Money leverages many activities, and asset values are always to a certain extent in a form of a bubble, but excess leverage, especially during periods where we have structural imbalances and frame transitions creates instability and risks to the financial system.
Frame transitions that we need to watch out for with respect to excess asset focused money supply growth are where drivers of GDP growth are in decline (labour and population demographics, productivity and global transitions impacting the same) requiring lower levels of capital or growth rates of capital accumulation resulting in increasing levels of capital depreciation. In this context monetary frame dynamics should also be contracting or slowing. Frame transitions can be accentuated by increasing income and wealth inequality, something that may also be an emergent property of economic systems during frame transitions. This can also leverage asset prices to prospective GDP flows.
The frame should dominate analysis of new order fundamentals: long term weakness dominates.
The new order bounce back in March/April was led by the transportation sector (MVPs in particular), but the bounce back should be set against the depth of the declines.
Outside transportation the trend is very weak.
Consumer durable goods orders on a smoothed 6 monthly basis have weakened noticeably since the start of the year.
Commentators are increasingly concerned about the risk of a recession in the US Economy. Recessions are typically short term step backs/retracements within expanding frames whereas we are in a rather complicated contracting one the one hand (developed economies) and transitioning frame (developing economies moving from investment dependence to consumption/service sector dependence) on the other characterised by excessive debt levels, unconventional monetary policy and increasing income inequality to name but a few fundamental issues.
So let us look at US manufacturing new order data, at first in terms of the frame, which bounced back on a monthly basis in April:
We can see from the following chart that annualised real growth rates over rolling 10 year time frames (using new order data adjusted for PPI and smoothed) have been heading downwards since the start of the decade. The real annualised rate of growth over rolling 10 year time frames shows that the current cycle is much weaker than the pre 2008 cycle.
We can see the step down in growth more easily if we just view the high water mark dynamics (which ignores the current index level if it remains below the HWM).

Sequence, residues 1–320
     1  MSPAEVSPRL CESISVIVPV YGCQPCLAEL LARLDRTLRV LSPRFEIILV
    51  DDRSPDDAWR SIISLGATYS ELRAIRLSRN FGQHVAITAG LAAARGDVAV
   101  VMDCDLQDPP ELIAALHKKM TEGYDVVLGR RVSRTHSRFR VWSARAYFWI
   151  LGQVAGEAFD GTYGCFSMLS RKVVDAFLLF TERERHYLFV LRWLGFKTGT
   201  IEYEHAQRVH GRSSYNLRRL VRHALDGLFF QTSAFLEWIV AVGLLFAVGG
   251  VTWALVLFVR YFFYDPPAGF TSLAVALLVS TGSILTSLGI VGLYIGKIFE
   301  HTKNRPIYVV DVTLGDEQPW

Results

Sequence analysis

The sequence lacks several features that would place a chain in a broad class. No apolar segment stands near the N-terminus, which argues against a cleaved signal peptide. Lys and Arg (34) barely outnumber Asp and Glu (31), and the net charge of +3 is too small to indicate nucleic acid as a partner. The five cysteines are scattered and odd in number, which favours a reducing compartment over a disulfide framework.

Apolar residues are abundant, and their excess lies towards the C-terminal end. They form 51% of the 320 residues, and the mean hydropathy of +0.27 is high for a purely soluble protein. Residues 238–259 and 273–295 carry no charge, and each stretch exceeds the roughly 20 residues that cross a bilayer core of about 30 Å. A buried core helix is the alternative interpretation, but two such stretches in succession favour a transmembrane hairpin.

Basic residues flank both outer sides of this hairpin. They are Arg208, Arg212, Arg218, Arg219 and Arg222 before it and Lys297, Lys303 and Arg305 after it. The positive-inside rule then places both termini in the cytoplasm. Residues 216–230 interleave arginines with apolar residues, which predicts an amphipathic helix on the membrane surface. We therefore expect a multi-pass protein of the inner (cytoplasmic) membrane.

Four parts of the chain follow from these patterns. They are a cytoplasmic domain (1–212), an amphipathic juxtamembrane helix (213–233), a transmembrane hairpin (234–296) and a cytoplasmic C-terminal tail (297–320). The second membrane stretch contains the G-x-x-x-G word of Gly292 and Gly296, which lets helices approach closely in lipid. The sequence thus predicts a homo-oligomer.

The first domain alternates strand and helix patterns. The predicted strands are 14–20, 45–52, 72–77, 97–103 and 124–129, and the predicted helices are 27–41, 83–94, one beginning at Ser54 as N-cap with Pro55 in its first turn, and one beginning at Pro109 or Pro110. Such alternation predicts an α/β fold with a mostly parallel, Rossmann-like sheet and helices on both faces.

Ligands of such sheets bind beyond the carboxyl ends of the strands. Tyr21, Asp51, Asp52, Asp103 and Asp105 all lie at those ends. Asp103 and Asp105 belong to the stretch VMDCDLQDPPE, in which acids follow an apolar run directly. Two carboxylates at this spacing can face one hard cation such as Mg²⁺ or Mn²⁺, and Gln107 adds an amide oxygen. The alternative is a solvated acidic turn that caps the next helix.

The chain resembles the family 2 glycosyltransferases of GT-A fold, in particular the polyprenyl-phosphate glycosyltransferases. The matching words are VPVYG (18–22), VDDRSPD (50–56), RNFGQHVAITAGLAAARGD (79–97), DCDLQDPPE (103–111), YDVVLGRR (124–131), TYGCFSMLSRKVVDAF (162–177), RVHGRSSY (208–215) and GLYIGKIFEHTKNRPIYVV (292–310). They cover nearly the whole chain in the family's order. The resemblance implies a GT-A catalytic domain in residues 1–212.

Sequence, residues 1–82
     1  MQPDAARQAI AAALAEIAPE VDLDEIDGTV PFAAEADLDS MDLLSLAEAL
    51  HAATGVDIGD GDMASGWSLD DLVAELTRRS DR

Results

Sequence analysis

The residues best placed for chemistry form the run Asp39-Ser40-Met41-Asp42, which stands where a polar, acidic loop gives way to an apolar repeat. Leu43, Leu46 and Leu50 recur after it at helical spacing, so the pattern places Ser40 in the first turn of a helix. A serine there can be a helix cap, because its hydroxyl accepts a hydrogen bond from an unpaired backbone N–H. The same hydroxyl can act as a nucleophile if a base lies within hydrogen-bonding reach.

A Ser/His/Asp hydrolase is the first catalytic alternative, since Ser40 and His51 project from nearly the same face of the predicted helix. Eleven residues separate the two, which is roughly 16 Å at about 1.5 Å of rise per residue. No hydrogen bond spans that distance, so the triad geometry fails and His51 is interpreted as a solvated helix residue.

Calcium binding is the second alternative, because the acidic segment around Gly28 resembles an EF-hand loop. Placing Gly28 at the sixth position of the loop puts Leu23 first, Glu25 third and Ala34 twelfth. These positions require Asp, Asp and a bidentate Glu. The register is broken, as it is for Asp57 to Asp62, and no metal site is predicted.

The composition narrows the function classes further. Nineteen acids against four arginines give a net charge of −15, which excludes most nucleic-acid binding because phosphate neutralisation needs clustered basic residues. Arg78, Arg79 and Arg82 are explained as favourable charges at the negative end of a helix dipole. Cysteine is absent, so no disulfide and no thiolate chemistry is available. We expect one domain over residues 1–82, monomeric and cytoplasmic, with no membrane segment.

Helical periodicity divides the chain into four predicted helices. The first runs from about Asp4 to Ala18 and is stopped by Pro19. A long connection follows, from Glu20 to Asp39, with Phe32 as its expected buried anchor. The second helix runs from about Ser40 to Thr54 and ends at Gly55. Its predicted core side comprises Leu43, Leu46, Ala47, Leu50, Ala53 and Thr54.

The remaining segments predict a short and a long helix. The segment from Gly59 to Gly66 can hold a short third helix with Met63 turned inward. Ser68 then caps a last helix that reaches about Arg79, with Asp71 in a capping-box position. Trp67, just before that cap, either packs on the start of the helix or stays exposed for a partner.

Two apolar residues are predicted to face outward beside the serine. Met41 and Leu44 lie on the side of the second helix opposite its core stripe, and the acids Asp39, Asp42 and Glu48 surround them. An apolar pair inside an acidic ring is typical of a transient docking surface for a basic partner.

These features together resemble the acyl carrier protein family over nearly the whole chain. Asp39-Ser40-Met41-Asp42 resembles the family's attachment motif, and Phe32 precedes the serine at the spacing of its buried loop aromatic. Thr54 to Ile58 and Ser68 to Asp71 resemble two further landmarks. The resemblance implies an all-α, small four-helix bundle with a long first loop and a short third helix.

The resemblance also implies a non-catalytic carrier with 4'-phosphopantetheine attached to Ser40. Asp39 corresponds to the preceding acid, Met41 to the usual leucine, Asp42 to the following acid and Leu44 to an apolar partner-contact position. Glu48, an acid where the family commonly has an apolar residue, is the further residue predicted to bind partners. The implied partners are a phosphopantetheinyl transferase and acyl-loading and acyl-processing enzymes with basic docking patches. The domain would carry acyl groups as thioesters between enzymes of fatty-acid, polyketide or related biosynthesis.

In reality given the declines in flows since 2014, new orders for manufacturing adjusted for the PPI stand below levels reached at the end of the 1990s, and yet, here we are all worried about the risk of recession when the risk of something far greater has already occurred. Tied into the frame is the key dynamic of global rebalancing: cheap labour in emerging/developing economies had offshored a significant amount of manufacturing output from the late 1990s onwards (the weak order data partly reflects this) and the expected maturing of developing economies consumers and rising wage costs was anticipated by many to create a rebalancing of global economies. This is presently at risk a) due to the time frame of transition being longer than many expect and b) given that technology is driving out labour in key industries.
And in the next chart we see nominal annualised rates for new orders over rolling 10 year time frames: clearly the structure and balance and dynamics of the US economy and the attendant global economic dynamics are unable to support the type of growth the economy had experienced in post WWII years. The primary issue we are facing today is not one of a prospective recession but of a weakening frame:
If we look at real disposable personal income growth from the latest BEA data update we see what might appear to be, on the surface, a robust recovery:
Quarterly data shows similar traction:
But real data has benefited from falling energy prices and nominal flows are not as strong, in fact if we focus on nominal flows we are in the midst of a clear downward movement:
The US ISM Manufacturing PMI ticked up marginally today indicating slightly stronger manufacturing activity. The change was small from 50.8 to 51.3. While output and new order indicators fell, employment remained the same and inventories declined slightly, supplier deliveries slowed at the fastest pace for some time. The month on month change in supplier deliveries was 10.2%, only bettered on 5 occasions over the last 35 years.
But supplier deliveries tend to lag new orders and we also know that new manufacturing orders fell significantly in late 2015 and have since bounced back (data in the chart below is to March 2016).
The bounce in supplier deliveries look to be related to the bounce back in PMI new order indicator starting in late 2015 and we can see this lag here: